Spies, murder and the danger of misinformation

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Contributor Ashton Nanninga reflects on the increasing tensions between Russia and the United States.

Ashton Nanninga

Misinformation spreads like wildfire and politics are fuel to the flame.

Throughout President Donald Trump’s time in office, the United States’ relations with Russia have become increasingly tense. These tensions have now escalated to a global scale.

On March 4, former Russian informant for Britain’s foreign intelligence agency, Sergei V. Skripal and his daughter, Yulia, were poisoned with a military-grade nerve agent. The attack took place in Salisbury, Wilts, England.

As stated in a New York Times article Britain Blames Moscow for Poisoning of Former Russian Spy by Ellen Barry and Richard Perez-Pena, Prime Minister Theresa May blames the act on Russia. May stated that the nerve agent was “a type developed in Russia.” She then goes on saying that it was an act of the Kremlin and Russia is to blame.

On March 29, Russia further escalated the situation by ordering the closure of the American consulate in St. Petersburg, Russia’s second largest city. Antonio Gueterres, secretary general of the United Nations, compared the crisis to that of the Cold War.

Russia, the United States and Britain are now having a pissing contest to see who can be the stronger nation. Russia and the U.S. alike have ordered the expulsion of diplomats from their countries. The Kremlin described the ordeal as an entirely anti-Russian campaign orchestrated by Washington and London.

This crisis has really emphasized Russia’s relations with the world, especially the U.S. As we have seen throughout this presidential term, Trump has been lax on criticizing Russia and its president, Vladimir Putin. Trump didn’t even comment on the global issue.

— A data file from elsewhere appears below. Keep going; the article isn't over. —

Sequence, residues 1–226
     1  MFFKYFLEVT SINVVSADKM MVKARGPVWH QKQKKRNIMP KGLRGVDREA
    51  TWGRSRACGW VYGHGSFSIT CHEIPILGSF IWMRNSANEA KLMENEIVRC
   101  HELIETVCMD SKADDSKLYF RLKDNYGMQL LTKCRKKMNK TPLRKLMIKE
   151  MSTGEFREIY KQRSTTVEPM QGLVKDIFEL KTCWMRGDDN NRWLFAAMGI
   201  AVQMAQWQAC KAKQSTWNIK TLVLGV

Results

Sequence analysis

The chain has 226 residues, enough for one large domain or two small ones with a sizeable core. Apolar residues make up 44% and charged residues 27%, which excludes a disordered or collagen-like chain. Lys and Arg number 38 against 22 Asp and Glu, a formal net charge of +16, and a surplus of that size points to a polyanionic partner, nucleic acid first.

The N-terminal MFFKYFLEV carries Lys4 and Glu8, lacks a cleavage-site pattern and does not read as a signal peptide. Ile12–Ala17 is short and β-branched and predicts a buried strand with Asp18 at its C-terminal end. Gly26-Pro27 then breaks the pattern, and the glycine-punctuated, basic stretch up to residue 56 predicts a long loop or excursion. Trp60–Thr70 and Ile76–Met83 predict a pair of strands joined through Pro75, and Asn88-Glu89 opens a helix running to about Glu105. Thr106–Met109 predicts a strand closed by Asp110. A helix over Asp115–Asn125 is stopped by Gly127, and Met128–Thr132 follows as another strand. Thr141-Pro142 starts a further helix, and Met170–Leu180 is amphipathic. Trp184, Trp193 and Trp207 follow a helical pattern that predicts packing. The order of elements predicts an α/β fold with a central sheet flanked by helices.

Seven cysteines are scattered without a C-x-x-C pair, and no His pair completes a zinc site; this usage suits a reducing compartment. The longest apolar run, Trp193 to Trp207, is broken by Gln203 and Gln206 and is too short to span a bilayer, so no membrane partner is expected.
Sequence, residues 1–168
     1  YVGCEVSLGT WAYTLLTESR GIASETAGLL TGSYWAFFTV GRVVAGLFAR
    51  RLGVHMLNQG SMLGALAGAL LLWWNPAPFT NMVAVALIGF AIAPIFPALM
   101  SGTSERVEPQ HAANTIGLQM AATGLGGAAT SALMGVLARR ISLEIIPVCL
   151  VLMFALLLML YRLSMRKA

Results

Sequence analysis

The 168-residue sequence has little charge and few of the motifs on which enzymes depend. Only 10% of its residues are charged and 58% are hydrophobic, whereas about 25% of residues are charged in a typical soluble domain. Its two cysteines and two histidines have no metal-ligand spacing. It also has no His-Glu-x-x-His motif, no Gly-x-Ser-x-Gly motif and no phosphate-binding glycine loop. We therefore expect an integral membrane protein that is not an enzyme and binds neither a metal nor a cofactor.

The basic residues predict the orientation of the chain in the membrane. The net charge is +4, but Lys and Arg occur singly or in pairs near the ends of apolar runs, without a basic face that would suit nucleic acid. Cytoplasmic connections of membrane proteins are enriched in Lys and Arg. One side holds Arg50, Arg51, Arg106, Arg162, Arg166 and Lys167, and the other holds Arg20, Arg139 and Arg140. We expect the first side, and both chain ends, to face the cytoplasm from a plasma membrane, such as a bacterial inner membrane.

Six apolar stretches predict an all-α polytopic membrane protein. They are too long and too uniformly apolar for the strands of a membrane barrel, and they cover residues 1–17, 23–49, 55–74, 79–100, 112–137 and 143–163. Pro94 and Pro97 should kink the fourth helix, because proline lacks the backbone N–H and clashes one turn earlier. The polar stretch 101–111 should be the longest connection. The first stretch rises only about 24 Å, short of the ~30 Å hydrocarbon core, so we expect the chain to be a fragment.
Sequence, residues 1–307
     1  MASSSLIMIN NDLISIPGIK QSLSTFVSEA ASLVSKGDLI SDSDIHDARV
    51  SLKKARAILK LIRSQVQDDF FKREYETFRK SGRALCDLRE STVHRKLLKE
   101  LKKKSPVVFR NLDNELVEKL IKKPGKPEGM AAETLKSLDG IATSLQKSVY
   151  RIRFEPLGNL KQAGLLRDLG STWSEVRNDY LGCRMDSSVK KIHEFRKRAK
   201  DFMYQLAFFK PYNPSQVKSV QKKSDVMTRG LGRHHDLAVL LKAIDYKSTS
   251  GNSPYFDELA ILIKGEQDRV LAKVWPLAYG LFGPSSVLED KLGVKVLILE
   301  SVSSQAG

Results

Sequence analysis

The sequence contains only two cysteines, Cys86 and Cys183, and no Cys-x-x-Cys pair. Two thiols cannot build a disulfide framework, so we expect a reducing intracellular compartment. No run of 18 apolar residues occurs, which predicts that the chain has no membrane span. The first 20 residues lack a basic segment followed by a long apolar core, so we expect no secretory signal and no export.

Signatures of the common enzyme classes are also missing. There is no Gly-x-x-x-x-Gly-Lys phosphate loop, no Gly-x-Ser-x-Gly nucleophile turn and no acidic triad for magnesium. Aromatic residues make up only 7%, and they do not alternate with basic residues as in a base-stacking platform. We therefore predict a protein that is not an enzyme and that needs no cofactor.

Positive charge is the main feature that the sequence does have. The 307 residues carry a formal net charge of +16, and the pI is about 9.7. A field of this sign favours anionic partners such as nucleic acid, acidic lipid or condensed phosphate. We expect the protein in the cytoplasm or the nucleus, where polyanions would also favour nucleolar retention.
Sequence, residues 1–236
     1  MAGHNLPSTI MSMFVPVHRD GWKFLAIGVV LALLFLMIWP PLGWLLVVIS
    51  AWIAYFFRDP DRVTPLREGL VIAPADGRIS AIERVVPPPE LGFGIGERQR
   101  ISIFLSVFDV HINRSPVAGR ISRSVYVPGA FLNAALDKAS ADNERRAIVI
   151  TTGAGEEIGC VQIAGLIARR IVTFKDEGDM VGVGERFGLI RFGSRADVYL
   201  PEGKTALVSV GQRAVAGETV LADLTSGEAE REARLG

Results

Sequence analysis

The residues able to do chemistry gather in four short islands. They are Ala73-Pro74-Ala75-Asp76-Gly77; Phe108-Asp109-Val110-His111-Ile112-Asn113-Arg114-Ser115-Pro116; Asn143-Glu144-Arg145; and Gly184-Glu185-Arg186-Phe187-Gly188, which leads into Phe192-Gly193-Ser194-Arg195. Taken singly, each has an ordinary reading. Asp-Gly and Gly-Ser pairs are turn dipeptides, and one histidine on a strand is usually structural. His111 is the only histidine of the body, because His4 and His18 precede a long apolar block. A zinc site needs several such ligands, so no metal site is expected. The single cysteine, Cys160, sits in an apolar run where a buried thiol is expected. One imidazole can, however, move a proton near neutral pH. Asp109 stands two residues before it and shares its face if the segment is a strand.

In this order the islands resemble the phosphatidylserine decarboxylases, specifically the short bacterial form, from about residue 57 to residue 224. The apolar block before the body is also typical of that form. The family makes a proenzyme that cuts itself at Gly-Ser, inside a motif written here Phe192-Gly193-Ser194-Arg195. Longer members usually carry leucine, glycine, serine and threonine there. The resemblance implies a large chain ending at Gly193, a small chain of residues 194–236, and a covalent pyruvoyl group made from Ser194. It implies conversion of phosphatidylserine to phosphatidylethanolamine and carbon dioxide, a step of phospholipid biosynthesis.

As we all have witnessed through many media outlets, Trump has had this negligent relationship with Russia since his election into office. But does this recent issue now strengthen the world’s nations against Russia?

Twenty-seven countries including the United States have announced the expulsion of more than 150 diplomats. Russia has mirrored this response through the expulsion of foreign politicians and their closing of the American consulate.

Through the aftermath of this issue, Skripal and his daughter remain alive and are recovering. Yulia was discharged from the hospital according to the United Kingdom newspaper, The Sun.

But what will be done besides sending diplomats back to their home countries? Overall, there is no clear evidence as to what happened on March 4. No country has factual evidence as to who is to blame. Countries can point fingers all they want, but that is not hard proof.

According to another New York Times article Expelling Diplomats, a Furious Kremlin Escalates a Crisis by Andrew Higgins, Russia has called a meeting of the Organization of the Prohibition of Chemical weapons to “establish the truth” of the “so-called Skripal case.”

Even insinuating that this case should not be taken seriously by labeling it as “so-called” really highlights the immaturity Russia is taking with this issue. The same goes for Britain as May called out Russia with no basis for her claims. And the U.S. hardly has any stake in the issue either due to Trump’s overly receptive response to Russian relations.

The public has been kept in the dark far too long on several political issues involving Russian-U.S. relations. It is time to reveal what is kept behind the political curtain. Action needs to be taken in order for nations to coexist in a somewhat peaceful manner.